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Old Microprocessors, new Microcontrollers and Reverse Poles

Bill Marshall
2
Engineer, PhD, lecturer, freelance technical writer, blogger & tweeter interested in robots, AI, planetary explorers and all things electronic. STEM ambassador. Designed, built and programmed my first microcomputer in 1976. Still learning, still building, still coding today.

Comments

April 9, 2021 07:09

Also in the category of Z80 MPUs is the Rabbit 6000 Microprocessor module (RS Stock No. 761-7374) which can operate up to 200 MHz, (at, I think, 2 clocks per instruction) and adds additional instructions and memory management beyond those in the Z80180. It also has a plethora of built-in peripherals.
(I believe the Rabbit 6000 and Zilog's eZ80F91 which clocks at 50MHz are both in the not recommended for new design status, but it is still pretty amazing what a long life the underlying architecture/family has had!)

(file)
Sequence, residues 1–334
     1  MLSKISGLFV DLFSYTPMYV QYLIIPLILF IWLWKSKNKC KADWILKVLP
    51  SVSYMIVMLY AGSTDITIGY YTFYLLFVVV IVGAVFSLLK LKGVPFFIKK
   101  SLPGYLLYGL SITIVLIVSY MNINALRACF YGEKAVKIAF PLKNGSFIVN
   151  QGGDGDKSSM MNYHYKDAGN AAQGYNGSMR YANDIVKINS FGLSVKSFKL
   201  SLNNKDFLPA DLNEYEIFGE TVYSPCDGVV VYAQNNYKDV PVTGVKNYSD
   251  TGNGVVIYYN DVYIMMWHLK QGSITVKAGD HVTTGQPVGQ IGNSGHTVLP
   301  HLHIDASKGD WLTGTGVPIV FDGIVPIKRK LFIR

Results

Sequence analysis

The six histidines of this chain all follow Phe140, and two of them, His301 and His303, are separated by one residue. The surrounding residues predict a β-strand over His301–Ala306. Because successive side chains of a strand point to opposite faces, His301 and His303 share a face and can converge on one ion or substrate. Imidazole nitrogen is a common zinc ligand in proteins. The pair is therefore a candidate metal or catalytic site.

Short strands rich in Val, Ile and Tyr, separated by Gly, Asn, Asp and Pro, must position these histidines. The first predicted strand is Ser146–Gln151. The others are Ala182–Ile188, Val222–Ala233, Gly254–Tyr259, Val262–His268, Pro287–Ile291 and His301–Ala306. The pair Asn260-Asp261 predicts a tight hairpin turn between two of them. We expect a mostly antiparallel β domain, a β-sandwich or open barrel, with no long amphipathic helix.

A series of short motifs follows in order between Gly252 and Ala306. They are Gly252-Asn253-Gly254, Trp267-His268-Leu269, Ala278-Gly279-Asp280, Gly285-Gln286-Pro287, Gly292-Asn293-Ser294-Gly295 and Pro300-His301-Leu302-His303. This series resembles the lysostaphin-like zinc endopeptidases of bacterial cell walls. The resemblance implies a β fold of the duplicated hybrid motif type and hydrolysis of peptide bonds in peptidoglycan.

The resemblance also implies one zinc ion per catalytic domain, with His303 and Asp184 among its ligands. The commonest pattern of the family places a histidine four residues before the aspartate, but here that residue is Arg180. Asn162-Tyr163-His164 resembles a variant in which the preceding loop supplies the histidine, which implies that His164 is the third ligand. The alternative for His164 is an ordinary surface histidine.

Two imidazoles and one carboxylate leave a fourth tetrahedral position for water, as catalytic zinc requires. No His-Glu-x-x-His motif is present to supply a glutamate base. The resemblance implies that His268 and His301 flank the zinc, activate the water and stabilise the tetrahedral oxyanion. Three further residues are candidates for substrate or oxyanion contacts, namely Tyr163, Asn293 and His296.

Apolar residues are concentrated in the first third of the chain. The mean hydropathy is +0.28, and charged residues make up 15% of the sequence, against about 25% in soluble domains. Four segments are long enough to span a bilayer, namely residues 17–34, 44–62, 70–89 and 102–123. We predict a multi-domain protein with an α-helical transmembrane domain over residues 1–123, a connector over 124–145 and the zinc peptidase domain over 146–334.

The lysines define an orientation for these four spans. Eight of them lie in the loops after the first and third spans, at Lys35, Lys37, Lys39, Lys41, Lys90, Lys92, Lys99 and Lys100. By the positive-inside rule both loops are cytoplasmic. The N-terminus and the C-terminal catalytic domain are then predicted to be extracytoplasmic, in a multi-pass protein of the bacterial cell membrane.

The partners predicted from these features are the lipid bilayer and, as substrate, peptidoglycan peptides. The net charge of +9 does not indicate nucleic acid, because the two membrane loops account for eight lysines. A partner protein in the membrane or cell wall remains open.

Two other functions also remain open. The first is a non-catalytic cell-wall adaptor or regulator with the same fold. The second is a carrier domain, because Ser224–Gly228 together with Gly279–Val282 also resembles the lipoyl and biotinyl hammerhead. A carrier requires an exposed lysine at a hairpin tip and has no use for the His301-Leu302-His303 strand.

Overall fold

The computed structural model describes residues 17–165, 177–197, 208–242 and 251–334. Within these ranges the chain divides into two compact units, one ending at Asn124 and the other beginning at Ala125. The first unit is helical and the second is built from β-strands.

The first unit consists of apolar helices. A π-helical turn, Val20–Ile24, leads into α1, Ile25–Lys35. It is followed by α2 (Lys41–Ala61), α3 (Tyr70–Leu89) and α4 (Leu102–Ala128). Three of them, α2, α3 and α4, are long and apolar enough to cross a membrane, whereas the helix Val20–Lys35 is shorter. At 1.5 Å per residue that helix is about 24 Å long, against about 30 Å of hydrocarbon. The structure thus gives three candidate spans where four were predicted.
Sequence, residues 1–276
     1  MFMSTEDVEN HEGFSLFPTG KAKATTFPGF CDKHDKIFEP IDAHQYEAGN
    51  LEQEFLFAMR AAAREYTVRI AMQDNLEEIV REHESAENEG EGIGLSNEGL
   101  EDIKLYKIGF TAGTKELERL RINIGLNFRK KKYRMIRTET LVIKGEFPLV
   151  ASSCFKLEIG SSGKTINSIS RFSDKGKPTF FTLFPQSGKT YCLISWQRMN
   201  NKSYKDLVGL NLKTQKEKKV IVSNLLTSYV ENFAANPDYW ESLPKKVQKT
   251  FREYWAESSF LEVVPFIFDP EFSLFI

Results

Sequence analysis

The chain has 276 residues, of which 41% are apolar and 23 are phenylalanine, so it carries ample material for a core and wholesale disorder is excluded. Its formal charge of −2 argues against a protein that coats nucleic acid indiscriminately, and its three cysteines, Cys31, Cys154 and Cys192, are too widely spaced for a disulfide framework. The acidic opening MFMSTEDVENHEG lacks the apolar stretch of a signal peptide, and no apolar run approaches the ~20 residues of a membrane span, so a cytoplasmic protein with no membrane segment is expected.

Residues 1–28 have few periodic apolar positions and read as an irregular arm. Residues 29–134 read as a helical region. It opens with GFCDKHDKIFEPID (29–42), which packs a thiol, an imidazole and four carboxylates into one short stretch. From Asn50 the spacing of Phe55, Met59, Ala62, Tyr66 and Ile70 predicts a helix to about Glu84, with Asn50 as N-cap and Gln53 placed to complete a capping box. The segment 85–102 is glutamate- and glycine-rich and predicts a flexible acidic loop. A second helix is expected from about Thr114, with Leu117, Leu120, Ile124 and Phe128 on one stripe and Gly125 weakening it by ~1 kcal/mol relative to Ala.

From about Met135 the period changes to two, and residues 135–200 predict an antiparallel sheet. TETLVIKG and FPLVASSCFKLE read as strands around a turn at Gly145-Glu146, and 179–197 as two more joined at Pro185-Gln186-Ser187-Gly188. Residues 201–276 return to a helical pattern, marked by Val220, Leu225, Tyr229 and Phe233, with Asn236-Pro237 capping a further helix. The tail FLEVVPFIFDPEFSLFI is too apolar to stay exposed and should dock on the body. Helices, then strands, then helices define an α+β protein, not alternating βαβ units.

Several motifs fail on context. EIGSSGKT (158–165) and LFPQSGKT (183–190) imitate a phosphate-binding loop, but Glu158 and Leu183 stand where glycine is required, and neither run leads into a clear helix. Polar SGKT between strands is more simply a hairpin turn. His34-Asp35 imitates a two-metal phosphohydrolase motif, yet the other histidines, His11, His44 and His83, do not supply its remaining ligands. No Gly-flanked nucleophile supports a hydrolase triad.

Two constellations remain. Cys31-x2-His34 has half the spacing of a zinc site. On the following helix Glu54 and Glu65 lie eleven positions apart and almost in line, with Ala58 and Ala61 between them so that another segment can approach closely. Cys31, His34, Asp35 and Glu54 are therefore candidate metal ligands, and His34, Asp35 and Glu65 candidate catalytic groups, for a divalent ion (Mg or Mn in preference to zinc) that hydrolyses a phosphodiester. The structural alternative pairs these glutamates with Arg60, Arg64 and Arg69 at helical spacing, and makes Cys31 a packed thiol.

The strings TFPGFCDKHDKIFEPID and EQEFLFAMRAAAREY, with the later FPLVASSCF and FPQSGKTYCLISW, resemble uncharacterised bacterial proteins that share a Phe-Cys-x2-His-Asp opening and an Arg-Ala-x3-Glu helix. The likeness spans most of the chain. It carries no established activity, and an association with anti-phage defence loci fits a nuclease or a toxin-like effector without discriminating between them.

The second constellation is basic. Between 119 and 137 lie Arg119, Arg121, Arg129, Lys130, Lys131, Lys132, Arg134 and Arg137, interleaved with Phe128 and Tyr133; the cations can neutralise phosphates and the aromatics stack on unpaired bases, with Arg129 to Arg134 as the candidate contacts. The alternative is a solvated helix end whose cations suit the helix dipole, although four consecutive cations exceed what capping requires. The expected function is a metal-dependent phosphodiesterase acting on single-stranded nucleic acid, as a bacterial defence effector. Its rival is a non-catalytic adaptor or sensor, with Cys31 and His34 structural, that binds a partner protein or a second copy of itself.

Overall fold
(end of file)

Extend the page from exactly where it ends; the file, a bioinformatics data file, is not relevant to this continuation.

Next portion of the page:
0 Votes

April 8, 2021 15:33

I learned Forth back in the early 1980s. Not long after that, I worked on a project adding a GPIB (now known as IEEE-488) interface to a multichannel data analyzer. User needs varied - some would be using the analyzer in automated test environments, and needed the output in raw formats that could achieve the highest throughput across the interface, to keep up with data from multiple channels simultaneously. At other times users needed more human-readable decoded and filtered data output. I ended up borrowing Forth's method of compiling source into a linked list of calls and native code/data. I defined a tiny language for managing the captured data sequencing and formatting the captured data. The user could then use that language to define their desired output and formatting. The interface compiled their request into the series of calls to generate that output. That compiling approach (rather than continually re-interpreting the formatting commands) maximized the throughput capabilities of the analyzer, which was based on an 8-bit 6809 processor.
This is a benefit of learning more than one language (computer or human). They each have their own way of seeing the world, sometimes bringing with them insights into how to better address a problem, even if the solution ends up being implemented in a different language than the insight came from.

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